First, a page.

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This article is written by a student writer from the Her Campus at UFL chapter.

Dove’s new campaign highlights the extent and impacts of race-based hair discrimination.

Dove UK launched its new campaign “Reclaiming School Picture Day” on Oct. 4, featuring women who experienced race-based hair discrimination when they were younger and how it impacted them back then, and the trauma they still have from their experiences. Within the campaign video, Dove UK allowed these women to retake their school picture and show off their natural hair.

“Reclaiming School Picture Day” began because of Dove UK’s research. According to Dove,

“nearly half of Black or mixed-race women with afro or textured hair have experienced race-based hair discrimination” with some women experiencing discrimination when they were only 5 years old. At school, more than 50% of Black children were sent home because they wore their hair naturally and 33% of Black and mixed-race women in the UK did not participate in school picture day due to this discrimination.

Stephanie Yeboah, blogger and body image advocate, featured in Dove’s campaign video, where she described her first experience with race-based hair discrimination when she was 5 years old. She said, “I was told to shave off all of my hair because at that school, afro hair was seen as unkempt, unruly, untidy.”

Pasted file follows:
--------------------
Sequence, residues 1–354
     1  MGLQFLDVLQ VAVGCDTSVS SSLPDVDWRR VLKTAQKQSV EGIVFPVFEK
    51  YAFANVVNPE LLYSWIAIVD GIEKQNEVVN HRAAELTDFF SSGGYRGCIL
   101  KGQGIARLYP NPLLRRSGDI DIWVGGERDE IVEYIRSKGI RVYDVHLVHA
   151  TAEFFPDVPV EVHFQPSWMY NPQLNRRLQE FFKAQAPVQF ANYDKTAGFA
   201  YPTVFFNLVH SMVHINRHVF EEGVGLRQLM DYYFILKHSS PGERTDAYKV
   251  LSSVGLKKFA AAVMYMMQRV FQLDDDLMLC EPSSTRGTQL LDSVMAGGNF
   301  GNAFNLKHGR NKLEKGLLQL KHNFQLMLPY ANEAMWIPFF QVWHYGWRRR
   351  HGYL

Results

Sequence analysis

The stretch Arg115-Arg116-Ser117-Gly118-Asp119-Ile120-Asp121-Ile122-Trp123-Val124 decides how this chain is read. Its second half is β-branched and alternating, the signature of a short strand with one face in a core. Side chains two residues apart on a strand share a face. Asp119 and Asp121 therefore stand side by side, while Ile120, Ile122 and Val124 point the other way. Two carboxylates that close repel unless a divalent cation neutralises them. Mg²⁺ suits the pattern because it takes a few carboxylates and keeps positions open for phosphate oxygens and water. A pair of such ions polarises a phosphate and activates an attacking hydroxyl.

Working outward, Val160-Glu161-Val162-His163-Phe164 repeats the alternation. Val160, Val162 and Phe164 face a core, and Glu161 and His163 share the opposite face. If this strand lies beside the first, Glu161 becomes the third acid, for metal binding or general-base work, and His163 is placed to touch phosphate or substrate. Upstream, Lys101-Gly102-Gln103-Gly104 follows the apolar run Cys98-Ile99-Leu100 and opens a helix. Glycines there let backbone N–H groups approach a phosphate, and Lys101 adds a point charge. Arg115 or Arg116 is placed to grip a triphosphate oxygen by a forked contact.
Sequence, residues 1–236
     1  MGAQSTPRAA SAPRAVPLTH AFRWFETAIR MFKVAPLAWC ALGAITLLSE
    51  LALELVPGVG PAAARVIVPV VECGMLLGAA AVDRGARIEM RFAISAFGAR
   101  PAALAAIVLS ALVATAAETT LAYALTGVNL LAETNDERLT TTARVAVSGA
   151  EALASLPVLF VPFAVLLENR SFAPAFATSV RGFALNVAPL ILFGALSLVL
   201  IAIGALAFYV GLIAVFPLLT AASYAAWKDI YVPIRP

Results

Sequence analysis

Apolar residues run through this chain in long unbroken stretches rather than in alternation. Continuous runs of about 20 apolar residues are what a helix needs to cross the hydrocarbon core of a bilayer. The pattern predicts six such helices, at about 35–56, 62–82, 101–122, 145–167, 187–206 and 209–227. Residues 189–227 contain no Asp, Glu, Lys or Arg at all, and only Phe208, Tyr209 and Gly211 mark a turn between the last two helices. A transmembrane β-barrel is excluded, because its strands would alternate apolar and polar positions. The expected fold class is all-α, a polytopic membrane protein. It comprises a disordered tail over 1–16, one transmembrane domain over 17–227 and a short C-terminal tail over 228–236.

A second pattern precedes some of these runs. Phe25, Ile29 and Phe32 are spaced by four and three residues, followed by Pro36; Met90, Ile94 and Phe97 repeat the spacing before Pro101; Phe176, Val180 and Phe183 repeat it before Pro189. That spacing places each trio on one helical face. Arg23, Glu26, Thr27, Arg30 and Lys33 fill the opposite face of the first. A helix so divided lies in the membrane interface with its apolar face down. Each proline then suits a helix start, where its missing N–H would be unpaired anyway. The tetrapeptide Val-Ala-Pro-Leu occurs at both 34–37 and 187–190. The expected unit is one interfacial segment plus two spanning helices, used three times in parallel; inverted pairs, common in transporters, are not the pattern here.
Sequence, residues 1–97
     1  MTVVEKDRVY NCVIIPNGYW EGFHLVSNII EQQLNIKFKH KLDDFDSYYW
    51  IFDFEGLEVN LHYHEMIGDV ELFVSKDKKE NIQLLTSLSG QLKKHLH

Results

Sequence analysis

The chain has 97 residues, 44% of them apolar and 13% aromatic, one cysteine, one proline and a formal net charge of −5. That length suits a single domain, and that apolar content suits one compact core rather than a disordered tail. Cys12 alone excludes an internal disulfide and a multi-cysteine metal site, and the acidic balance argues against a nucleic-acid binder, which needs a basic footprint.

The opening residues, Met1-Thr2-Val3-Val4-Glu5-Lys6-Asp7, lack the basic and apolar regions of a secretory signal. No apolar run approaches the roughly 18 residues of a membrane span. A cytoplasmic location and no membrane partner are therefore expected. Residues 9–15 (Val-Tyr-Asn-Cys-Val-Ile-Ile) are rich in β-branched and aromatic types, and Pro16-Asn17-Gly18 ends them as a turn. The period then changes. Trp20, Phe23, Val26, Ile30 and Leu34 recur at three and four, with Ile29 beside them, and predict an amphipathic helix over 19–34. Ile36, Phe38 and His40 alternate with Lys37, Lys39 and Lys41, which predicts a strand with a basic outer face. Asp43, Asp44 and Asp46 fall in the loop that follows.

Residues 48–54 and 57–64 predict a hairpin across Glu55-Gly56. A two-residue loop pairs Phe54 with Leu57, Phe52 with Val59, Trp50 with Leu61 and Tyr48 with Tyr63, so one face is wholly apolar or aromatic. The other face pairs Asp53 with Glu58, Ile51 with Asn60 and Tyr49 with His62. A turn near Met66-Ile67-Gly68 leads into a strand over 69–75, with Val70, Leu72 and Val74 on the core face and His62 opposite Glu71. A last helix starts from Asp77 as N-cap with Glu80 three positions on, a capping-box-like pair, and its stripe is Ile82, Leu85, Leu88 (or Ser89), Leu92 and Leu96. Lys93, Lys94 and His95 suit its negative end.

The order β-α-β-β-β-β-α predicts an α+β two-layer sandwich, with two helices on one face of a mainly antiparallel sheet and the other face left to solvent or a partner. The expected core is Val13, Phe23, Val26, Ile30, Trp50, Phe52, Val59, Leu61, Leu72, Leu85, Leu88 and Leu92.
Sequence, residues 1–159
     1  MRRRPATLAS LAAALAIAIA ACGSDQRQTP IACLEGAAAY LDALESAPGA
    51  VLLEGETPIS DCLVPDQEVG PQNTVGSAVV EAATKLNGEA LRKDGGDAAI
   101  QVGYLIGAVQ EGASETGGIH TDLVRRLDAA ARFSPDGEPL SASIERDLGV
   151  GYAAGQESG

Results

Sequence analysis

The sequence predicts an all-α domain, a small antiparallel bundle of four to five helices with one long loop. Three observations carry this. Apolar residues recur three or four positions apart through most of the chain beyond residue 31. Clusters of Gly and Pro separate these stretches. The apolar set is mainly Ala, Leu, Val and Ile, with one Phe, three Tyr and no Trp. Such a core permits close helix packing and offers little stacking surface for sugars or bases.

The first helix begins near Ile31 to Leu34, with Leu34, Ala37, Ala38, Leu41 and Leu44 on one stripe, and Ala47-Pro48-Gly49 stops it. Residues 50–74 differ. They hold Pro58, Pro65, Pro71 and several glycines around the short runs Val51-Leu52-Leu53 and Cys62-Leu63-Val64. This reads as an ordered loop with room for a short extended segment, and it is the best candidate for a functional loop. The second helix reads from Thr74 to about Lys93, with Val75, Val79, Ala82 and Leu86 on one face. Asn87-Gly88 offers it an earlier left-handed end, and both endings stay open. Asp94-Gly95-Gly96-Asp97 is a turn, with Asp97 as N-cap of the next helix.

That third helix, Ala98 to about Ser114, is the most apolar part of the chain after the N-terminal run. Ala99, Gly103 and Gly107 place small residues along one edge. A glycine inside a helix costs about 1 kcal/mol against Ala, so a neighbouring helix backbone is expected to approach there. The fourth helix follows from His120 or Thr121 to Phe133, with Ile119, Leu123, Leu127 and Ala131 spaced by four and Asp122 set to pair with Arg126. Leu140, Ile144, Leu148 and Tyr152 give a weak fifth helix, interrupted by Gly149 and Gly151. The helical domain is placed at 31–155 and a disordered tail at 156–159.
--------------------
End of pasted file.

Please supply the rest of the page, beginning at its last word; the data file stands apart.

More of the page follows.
Emma Dabiri, contributing editor at Elle UK and author of Don’t Touch my Hair, also described her challenges in Dove’s campaign video. She said, “Everyday really presented challenges when it came to my hair because it was almost impossible for me to get my hair to conform to uniform policies around appearance and hair.”

In 2019, Dove formed the Creating a Respectful and Open World for Natural Hair (CROWN) coalition with the National Urban League, Color of Change and the Western Center on Law & Poverty. CROWN’s focus is to pass the CROWN Act, a law banning discrimination based on hair style and texture.

California was the first state to pass the CROWN Act in July 2019. Since then, New York, New Jersey, Maryland, Virginia, Colorado, Washington, Connecticut, Delaware, New Mexico, Nevada, Nebraska, Oregon, Illinois, Maine and Tennessee have passed the CROWN Act in their respective state. On the federal level, the U.S. House of Representatives passed the CROWN Act in March 2022 and it is waiting to be passed in the U.S. Senate.

Dove’s new “Reclaiming School Picture Day” campaign has brought back attention to race-based hair discrimination, an issue that affects women of all ages in the UK, the US and beyond. Instances of this discrimination can have lasting impacts on women including trauma, lowered self-esteem and affects on their experiences at school and work. The CROWN Act targets hair-based discrimination to prohibit it from affecting more women. If you are interested in advancing this legislation in your state and in the Senate, be sure to contact your local state government representatives and your state’s senators.

Shivani Shah is an editor at the Her Campus chapter at the University of Florida. She oversees articles on various topics within entertainment and culture. She also enjoys sharing important updates about the local community and the world with readers through her writing. Currently, Shivani is a microbiology and cell science student at the University of Florida. In her free time, she enjoys spending time with her family and friends, reading journals and magazines, drawing henna, binging shows on Netflix, and listening to music.